By Eric Garneau
In the current global political environment, the United States' presence hasn't exactly been welcomed everywhere it's sprung up. Especially in the Middle East, the turmoil of the past decade has caused many to question the motives and methods of America's involvement overseas. One group of institutions, though, has typically escaped that suspicion, and indeed has proven one of the country's best envoys: American universities.
Chancellor Moulakis from the American University of Iraq at Sulaimani argues in The Chronicle that American schools established overseas, be they independent institutions or branch campuses, actually do the best job of fostering American ideals in a foreign environment. He refers specifically to liberal arts schools that focus on a broad curriculum and attempt to instill values like critical thinking and communication skills into their charges. What do these schools do to make America proud?
1. They're respectful of the country in which they reside. Though some American overseas efforts have taken flack for being brash and oblivious, universities typically conduct themselves in a way that respects local customs and culture. Part of that no doubt has to do with their staff, which is at least somewhat made up of locals.
2. They can bridge gaps between contentious groups. Much as they do back home, American universities overseas provide a meeting place for people of many different cultures and backgrounds. Even in especially troubled parts of the world, it often turns out that students are willing to forego the prejudices and anger of previous generations in favor of working together in the name of mutual respect.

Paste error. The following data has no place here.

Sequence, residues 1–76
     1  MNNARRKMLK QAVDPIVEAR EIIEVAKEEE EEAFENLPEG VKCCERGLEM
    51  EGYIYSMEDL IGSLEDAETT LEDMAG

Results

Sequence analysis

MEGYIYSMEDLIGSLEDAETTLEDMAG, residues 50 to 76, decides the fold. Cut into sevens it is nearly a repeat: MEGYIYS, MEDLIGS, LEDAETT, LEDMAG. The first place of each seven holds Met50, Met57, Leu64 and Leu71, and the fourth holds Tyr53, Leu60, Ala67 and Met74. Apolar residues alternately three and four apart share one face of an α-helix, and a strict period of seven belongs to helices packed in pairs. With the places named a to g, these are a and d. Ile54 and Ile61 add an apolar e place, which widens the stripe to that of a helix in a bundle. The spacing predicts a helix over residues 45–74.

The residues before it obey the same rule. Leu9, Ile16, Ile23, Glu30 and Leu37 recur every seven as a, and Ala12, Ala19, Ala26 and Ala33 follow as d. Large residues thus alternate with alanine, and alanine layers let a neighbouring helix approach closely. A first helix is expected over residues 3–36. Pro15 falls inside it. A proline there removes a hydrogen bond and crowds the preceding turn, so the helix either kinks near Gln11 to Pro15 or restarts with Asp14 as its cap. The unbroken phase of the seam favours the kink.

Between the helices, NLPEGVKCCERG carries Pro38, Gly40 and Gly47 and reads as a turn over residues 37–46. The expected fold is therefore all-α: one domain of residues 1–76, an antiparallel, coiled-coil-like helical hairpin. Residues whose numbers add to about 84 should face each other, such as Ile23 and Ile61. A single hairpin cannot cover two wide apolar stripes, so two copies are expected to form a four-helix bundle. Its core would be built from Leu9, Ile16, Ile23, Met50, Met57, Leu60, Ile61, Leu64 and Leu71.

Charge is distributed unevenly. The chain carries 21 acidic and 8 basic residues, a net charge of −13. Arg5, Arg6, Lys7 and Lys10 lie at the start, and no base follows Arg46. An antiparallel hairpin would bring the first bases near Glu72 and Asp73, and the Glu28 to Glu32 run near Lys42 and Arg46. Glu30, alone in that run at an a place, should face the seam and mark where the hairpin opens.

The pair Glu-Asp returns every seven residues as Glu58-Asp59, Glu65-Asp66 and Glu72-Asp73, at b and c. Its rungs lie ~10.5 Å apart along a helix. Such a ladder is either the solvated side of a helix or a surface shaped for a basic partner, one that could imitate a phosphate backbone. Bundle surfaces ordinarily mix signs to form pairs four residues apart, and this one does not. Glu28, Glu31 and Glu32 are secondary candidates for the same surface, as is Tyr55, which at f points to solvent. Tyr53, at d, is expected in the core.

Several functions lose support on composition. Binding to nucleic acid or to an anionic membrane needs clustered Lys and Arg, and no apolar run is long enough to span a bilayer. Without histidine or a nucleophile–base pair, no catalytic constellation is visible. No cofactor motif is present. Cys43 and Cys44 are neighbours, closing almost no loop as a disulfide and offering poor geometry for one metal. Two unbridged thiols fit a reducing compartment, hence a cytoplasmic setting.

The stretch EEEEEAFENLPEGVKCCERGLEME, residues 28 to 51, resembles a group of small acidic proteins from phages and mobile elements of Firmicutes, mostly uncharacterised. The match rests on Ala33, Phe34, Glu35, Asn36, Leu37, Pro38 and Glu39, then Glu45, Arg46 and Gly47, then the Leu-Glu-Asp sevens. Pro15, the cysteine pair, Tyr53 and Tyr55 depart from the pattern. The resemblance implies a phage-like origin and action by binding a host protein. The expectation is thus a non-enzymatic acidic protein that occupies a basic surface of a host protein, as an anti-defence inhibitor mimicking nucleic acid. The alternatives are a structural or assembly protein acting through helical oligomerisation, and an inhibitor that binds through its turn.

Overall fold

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3. They support humanitarian efforts. In times of international crisis, American universities can act as a proxy for American humanitarian concerns. Chancellor Moulakis specifically cites the American University of Bierut, which provided medical assistance to Lebanon's citizens during recent violent strife.
4. Most importantly, they impart American values in a quiet, organic way. Some accuse recent international United States efforts of being exceedingly jingoistic, but that's not a concern with American universities overseas. As Moulakis points out, they're not focused on propaganda but rather on using their curricula to bestow some of the core values associated with the American way: work ethic, free inquiry, respect and social mobility.
At the heart of the American dream is the notion of empowering one's self to better one's lot in life, and that's the core reason that American universities exist overseas. By fostering that philosophy, schools such as Moulakis' own American University of Iraq at Sulaimani do the United States proud, even though - or perhaps because - they typically don't take the spotlight in international relations.
Even when divided political leaders refuse to make peace, students can buck that trend.